onto the tier and refused to go back inside. But it was too late: He
had been “turned out.” He was reduced to a psychologically
broken, politically servile “punk” — in the prison argot, the lowest
form of life. Dillard was now jailhouse chattel, to be sodomized,
traded and sold like a slave. Robertson, on the other hand,
received new tennis shoes and extra food for his services.

When he was released from prison, Dillard told the Los Angeles
Times of the trauma he still suffers: “They took something from
me that I can never replace. I’ve tried so many nights to forget
about it, but the feeling just doesn’t go away. Every time I’m with
my wife, it comes back what he did to me. I want a close to the
story. I want some salvation. But it keeps going on and on.”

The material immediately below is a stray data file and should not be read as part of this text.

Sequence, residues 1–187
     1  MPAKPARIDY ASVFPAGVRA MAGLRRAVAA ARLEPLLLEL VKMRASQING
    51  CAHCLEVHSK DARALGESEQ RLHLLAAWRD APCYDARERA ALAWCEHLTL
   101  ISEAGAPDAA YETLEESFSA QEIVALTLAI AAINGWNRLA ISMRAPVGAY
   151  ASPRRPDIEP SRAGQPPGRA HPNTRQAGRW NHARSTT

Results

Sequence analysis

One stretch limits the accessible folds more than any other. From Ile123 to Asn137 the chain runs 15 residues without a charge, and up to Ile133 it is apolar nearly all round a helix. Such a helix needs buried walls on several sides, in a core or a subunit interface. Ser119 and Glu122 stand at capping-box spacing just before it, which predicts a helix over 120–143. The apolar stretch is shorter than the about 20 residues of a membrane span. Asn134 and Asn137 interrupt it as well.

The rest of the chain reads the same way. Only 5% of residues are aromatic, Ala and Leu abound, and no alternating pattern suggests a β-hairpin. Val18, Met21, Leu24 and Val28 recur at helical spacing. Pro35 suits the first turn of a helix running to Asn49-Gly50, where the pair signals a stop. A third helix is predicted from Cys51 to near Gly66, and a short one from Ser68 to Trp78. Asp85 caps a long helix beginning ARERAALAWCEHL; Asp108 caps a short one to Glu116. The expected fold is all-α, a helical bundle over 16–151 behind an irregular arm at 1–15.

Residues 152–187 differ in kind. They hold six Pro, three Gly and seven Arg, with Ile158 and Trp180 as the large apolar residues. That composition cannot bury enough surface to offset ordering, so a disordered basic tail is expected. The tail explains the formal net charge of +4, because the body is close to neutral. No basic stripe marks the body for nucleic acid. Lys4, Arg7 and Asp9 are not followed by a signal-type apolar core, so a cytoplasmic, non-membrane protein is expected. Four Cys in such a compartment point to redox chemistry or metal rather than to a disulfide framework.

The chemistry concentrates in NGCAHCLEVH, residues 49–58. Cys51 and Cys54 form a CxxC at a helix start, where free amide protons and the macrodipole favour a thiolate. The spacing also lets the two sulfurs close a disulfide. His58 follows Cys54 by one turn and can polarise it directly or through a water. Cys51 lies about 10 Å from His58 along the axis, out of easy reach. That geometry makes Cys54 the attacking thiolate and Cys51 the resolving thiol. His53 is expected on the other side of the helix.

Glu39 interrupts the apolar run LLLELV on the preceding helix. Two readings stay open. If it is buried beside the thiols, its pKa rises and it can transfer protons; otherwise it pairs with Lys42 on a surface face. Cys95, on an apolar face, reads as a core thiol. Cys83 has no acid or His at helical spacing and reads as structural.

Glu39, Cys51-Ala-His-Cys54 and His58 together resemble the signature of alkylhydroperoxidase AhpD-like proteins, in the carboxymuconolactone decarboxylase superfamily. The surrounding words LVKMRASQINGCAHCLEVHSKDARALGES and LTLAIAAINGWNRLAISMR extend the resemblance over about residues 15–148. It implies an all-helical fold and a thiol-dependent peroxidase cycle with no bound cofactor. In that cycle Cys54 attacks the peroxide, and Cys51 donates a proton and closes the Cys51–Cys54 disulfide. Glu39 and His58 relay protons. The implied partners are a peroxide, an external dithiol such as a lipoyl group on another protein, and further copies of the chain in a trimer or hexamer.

Dillard’s case is not an isolated incident. Though using rape as a
management tactic may sound like an extreme concept, the
Dillard case appears not to have been an isolated incident. The
Boston Globe, for example, reported that guards in Massachusetts
prisons have used known rapists in the same fashion as their
California counterparts: “Several prisoners at Shirley [State
Prison] said that Slade [a notorious prison rapist] has had a long
history of attacks there, but that he is typically reshuffled by the
guards into cells with ‘fresh fish,’ or new inmates.”

In the age of AIDS, such prison discipline often amounts to a
slow-motion death sentence. As one Massachusetts prison rape
survivor put it, “Nowhere in the book of rules was it written that I
got to be here to get raped, that I have to have them destroy my